The parties investing in shares may be individuals or a variety of organisations, including governments. Other companies or organisations might decide to invest venture capital, i.e. funds invested in a situation where the risk is known to be relatively high and there is anticipation of good rewards. The shares offered may be preference shares which have priority when dividends are declared, and in the disbursement of funds from disposal of company assets.
A public share flotation is for a stated number of shares of prescribed value, the total value of which is called authorised capital. However, the shares may be offered at a different price from their nominal value, e.g. “$1 shares” may be offered at $1.50 each.” This commences the process of trading and many investors buy new shares speculatively with the intention of selling immediately an increase in their trading price is realised. Not all of the authorised shares are always offered or sold and the value of those actually sold is called the issued capital. The company itself, its directors or the parent company often subscribe to a portion of the offering in order to retain financial control.
A flotation on a stock exchange is a costly process and these costs are counted as part of the cost of capital for purposes of financial assessment. Countries and stock exchanges have strict legislation governing trading in shares. A new flotation requires a PROSPECTUS, i.e. a detailed report on the company and on the purpose of the equity offering; details of the directors; an independent report by a technical advisor (usually a consulting firm) verifying the soundness of the business plan or feasibility study, and a report by the auditors.
Joint ventures (JV): useful for risk-sharing
A useful risk-sharing mechanism is a joint venture between two or more partners who may be mining companies, other companies, financial institutions or governments. Usually, in addition to funding, each participant provides other resources to the venture, in the form of specialised expertise, contacts or physical assets. The company holding the primary asset, e.g. a mineral deposit with a mining license and perhaps a completed feasibility study at one level or another, usually proposes the structure of the JV, often retaining a controlling interest of 51% or more.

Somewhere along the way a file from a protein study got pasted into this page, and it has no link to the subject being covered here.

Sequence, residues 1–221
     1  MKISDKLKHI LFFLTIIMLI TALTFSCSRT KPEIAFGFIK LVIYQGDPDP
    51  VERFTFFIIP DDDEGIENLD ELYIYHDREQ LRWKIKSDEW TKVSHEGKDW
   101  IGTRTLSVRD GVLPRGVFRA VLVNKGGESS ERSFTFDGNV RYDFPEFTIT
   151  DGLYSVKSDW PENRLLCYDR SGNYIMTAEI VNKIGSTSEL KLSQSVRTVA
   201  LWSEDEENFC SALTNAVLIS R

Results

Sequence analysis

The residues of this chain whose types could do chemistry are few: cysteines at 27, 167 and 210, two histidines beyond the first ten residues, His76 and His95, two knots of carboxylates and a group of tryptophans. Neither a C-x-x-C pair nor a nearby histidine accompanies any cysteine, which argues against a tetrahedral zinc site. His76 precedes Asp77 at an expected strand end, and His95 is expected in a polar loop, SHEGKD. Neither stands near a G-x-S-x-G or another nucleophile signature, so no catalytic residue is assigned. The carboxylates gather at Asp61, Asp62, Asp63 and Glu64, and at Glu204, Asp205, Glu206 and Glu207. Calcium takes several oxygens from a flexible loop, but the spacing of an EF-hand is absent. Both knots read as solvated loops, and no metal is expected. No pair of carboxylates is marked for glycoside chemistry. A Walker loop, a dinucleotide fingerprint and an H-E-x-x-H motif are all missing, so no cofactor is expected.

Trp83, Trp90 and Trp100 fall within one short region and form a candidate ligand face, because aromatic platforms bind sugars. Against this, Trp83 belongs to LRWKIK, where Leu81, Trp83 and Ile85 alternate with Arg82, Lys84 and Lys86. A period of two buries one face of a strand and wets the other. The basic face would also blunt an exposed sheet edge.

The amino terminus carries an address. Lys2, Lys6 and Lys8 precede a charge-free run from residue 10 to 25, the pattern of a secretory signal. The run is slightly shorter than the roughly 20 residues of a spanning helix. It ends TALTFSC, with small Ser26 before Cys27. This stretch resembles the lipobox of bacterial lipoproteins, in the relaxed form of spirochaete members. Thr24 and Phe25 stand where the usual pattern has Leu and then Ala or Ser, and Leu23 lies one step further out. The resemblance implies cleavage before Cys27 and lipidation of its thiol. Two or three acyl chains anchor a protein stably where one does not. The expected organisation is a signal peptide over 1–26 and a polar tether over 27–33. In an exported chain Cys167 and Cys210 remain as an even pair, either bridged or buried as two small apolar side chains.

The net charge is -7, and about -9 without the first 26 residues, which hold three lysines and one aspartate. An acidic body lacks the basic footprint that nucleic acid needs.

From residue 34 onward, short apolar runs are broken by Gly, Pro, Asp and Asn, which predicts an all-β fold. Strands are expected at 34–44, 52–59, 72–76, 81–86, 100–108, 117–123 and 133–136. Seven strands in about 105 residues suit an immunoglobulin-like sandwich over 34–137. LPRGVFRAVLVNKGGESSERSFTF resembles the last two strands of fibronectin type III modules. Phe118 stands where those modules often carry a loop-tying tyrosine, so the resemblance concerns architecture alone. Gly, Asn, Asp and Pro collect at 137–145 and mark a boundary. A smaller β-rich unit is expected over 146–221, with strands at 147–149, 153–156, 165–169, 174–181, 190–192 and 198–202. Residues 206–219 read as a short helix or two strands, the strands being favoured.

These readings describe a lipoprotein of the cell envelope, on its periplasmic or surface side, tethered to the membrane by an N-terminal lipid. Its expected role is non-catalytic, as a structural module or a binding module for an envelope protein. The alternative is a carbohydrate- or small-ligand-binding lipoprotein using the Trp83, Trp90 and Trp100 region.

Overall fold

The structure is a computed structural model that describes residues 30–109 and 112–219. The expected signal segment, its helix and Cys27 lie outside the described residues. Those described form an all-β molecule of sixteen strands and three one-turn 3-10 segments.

The structure of a JV is embodied in a contract, whose legal provisions may vary considerably. The JV agreement normally specifies how many executive and non-executive directors each party may appoint. (An executive director is one who is a full-time employee of the company, normally in a senior management role). Some partners may be required to contribute funds at the initial stage and possibly at later stages of the contract, whilst other partners may have a carried interest, meaning an entitlement to future benefits of the project such as dividends, in return for non-monetary contributions, e.g. expertise, grant of mineral rights by a government.
Making investment decisions
Feasibility studies for mining projects
The law in some countries requires government approval of mine feasibility studies. Governments have a responsibility to the public to ensure that health and safety, environmental and social risks are properly managed and sometimes therefore insist on having the right to approve feasibility studies. In other cases, governments limit approval to business plans or, as a minimum, environmental and social impact assessments. A feasibility study can also be a risk management tool. An example can be found here.
Purpose of mine feasibility studies
I. To demonstrate whether a project is technically feasible & financially viable:
Can it be done at all?
Will it repay the money to be invested?
Will it provide a reasonable return, i.e. An acceptable profit, to investors?
What are the risks and how will they be managed?
II. to provide a consolidated, coherent, comprehensive report on the entire project; all the information in one place for all authorised stakeholders;
III. To provide a record of all research & all alternatives considered;
IV. to convince the board of directors, company management, shareholders & investors that the project is sound in all respects;
V. to convince financiers that the project is robust and worth funding;
VI. to reassure governments that a project is sound & that risks will be adequately managed.